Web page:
|Biotechnology and the Future of World Agriculture (GRAIN, 1991)|
The history of commercial biotechnology is a short one. The history of its transfer from the public to the private domain is likely to be extremely short as well. As with most other new technologies, biotechnology was born in the laboratories of universities and other public research institutions. Before anyone even knew the word, scientists were there, uncovering step by step the secrets of nature and moving steadily ahead in the fields of molecular biology, biochemistry and genetics. Commercial interest grew only when the integration of all these different research areas seemed to offer interesting marketing opportunities. It started on a small scale. University professors built their own small companies on campus, drawing heavily from university research, this was especially the case in the United States. But although small biotechnology companies that started up during the past decade still gain most of the publicity, it is now the giant agrochemical, pharmaceutical and food-processing transnationals that dominate the research and the markets. Susan George perhaps described this process best when writing:
Today's biotechnology came from the work of thousands of people who patiently dug the foundations, built the walls and raised the roofbeams of an enormous edifice. These prodigious labours now accomplished, corporations new and old are jostling one another on the building site to put the final slates on the roof and call the whole place their own?
Some TNCs had already begun to invest in biotechnology at the end of the 1970s, but most of them did not become active in this field until the early 1980s. Despite their brief involvement they already exert substantial control on biotechnology research. According to a report for the World Bank, total R&D in biotechnology worldwide amounted to some $4 billion annuallyin 1985. (8) Businessweek put the figure for 1990 at some $11 billion. (9) The same report calculates that roughly two-thirds of biotech spending comes from the private sector. Industry sources put this figure closer to threequarters. (10) But even these figures tend to underestimate the dominant role of the private sector. Much of the public spending consists of direct governmental grants to the private sector. West Germany's Science and Technology Ministry hands out project grants to industry of up to 40% of total project costs, while the Dutch Ministry of Economic Affairs provides for grants up to 45% for corporate research programmes 'to help industries direct their national research efforts to new areas of biotechnology."' The UK Government directly co-sponsored the establishment of two biotech companies, Celltech Ltd (1980) and Agricultural Genetics Company (1983). Most other industrialized countries also hand out grants to stimulate corporate-public linked research projects where, again, the corporations profit from the tax payer's money.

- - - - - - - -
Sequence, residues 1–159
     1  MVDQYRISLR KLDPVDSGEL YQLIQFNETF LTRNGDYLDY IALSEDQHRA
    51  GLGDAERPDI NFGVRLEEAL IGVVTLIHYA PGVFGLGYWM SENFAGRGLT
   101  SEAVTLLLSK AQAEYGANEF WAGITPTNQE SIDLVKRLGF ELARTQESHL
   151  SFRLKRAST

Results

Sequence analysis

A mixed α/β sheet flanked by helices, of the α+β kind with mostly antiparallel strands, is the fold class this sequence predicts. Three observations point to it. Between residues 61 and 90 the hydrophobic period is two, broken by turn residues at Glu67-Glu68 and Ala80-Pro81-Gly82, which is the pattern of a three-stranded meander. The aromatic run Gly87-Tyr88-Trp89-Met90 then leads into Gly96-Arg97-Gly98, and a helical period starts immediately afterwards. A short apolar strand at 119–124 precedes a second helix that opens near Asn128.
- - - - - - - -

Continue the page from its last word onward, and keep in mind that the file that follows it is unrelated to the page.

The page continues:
Perhaps the boldest 'public speeding' initiatives on biotechnology come from the European Commission, where through a whole series of different programmes public money is channelled into the private sector. Fancy names such as BAP, BRIDGE, ECLAIR and FLAIR all stand for massive funding mechanisms on biotech-related research in which industry is heavily involved. Between 1985 and 1994, the European Commission will have spent some $340 million on these projects alone. (12) The giant EEC 'Eureka' project, initiated in 1985 and aiming to promote the European technological R&D base, had, by the end of 1989, handed out over $6 billion, of which almost half a billion was for biotech research. (13) The project aims to spend over $1.2 billion on biotech research in this decade. Most of the grants are for projects in which industry participates. Those who benefit most are Europe's largest agro-chemical, seed and food-processing companies. The situation in the United States is hardly any different. According to the Organization for Economic Co-operation and Development (OECD), US public funding for biotechnology was some $600 million in 1986. (14) The OECD does not tell us how much of this public spending ends up in private companies, but the American case is likely to be similar to Europe's.